Premiered by the Yale University School of Drama, directed by F. Curtis Canfield, New Haven, CT, Nov. 6, 1965. A television production, directed by Glenn Jordan, appeared on the Sunday Showcase, June 5 and 7, 1966, Sept. 28, 1966, and May 30, 1967.
(32) Nigro, Don. Anima Mundi. New Yok: Samuel French, 1994.
Synopsis: A young American poet arrives in London at the turn of the century, falls in love with a troubled dancer and has his fortune told by Madame Blavatsky. Each tarot card triggers a vivid scene from his turbulent future. Yeats in the tower, the Satanist Alister Crowley, and cranky Ezra Pound in the mad house are there as well as Oscar Wilde among some French ladies of easy virtue, a shell-shocked Everett in no man's land, the bitter ballplayer Rex, and the manic Captain Blood. At a wild seance, Wilde's ghost is summoned to discuss God and chocolate eclairs. This poetic play traces the young American's search for his elusive love, God and the meaning of art in a stunning tapestry of memories and nightmares.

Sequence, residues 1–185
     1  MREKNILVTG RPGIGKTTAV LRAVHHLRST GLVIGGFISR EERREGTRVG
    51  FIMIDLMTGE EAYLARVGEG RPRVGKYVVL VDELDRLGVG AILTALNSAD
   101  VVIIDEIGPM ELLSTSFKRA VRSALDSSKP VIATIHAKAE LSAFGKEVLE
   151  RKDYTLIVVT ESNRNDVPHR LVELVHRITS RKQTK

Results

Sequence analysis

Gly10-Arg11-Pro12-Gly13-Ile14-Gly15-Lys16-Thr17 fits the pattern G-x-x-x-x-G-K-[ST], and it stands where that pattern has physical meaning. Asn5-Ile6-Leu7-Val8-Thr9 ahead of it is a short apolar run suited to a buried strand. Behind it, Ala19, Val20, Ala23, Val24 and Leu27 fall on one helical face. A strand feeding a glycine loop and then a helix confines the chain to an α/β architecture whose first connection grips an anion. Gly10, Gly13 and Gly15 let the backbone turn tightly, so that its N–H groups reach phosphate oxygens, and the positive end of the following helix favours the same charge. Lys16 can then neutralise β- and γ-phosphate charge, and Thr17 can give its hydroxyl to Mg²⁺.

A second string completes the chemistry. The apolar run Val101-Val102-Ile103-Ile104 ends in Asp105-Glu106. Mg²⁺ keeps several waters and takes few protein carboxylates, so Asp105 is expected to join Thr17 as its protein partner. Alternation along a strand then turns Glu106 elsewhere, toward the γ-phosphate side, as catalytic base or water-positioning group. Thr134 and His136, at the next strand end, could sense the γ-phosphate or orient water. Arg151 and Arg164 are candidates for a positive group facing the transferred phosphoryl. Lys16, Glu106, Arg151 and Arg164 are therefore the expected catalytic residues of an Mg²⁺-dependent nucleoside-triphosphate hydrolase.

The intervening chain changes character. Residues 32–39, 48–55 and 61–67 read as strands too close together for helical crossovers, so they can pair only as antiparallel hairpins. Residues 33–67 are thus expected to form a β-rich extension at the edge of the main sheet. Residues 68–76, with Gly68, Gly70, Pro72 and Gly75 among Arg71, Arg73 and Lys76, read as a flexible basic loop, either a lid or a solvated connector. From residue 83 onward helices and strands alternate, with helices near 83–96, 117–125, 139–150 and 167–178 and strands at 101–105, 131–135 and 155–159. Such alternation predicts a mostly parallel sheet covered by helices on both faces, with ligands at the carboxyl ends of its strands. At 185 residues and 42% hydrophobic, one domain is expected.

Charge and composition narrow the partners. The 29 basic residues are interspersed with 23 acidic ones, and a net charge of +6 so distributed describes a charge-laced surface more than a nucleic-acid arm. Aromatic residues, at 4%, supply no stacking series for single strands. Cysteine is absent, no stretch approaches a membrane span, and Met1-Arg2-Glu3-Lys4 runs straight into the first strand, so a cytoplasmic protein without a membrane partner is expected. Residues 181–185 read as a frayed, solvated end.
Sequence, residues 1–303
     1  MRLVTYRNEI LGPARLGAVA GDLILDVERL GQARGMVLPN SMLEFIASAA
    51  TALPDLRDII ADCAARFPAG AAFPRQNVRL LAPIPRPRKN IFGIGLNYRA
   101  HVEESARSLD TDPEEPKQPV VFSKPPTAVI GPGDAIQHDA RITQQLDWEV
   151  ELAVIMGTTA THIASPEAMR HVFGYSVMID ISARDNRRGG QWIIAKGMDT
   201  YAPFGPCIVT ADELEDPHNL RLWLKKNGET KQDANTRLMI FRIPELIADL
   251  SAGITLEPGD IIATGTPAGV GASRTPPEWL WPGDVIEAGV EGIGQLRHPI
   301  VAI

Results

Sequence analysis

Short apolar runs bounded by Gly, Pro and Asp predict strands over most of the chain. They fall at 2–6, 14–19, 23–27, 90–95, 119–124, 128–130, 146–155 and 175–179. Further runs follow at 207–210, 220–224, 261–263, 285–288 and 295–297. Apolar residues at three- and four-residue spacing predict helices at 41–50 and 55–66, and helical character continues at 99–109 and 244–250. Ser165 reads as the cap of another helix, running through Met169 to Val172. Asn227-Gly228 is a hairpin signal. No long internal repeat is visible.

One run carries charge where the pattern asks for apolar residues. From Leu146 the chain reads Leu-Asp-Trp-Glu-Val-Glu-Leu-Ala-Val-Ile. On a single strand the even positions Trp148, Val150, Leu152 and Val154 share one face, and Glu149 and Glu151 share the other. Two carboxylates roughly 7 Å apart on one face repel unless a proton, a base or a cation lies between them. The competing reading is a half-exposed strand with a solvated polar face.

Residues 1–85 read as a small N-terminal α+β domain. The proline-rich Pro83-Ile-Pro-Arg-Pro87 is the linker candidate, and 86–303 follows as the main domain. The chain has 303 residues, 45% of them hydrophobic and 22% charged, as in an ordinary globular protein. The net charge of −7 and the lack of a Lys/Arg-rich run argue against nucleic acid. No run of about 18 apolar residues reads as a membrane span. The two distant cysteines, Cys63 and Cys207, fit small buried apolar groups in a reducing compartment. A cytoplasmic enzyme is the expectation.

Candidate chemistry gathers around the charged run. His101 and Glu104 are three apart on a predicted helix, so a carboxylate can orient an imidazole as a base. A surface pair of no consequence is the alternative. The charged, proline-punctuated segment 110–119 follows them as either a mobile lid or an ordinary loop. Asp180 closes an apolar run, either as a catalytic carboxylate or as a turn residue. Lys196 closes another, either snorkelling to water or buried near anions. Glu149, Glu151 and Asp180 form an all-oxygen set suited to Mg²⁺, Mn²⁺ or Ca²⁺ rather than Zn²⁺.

Parts: Male 8, Female 5.
(33) O'Brien, Dan. The Last Supper Restoration: A Play. New York: S. French, 1998. 66 pp.
Synopsis: Drama about a dying shirt designer with dreamlike delusions about his art restorer father, Leonardo Da Vinci, Sigmund Freud, and Ezra Pound.
Act(s): 2. Cast: Men: 4, Women: 1
(34) O'Connor, William Van. In the Cage: A Play in Four Acts.
Dixon, Calif.: Proscenium Press, 1967. 36 p. (The "Lost play" series, no. 6).
Synopsis: Based on the story of the incarceration of Ezra Pound.
Produced: June 7-24, 1973, directed by Richard Kuss.
The American Theater, New York.
(35) O'Leary, Sean. Pound: A Play in Two Acts. 2004.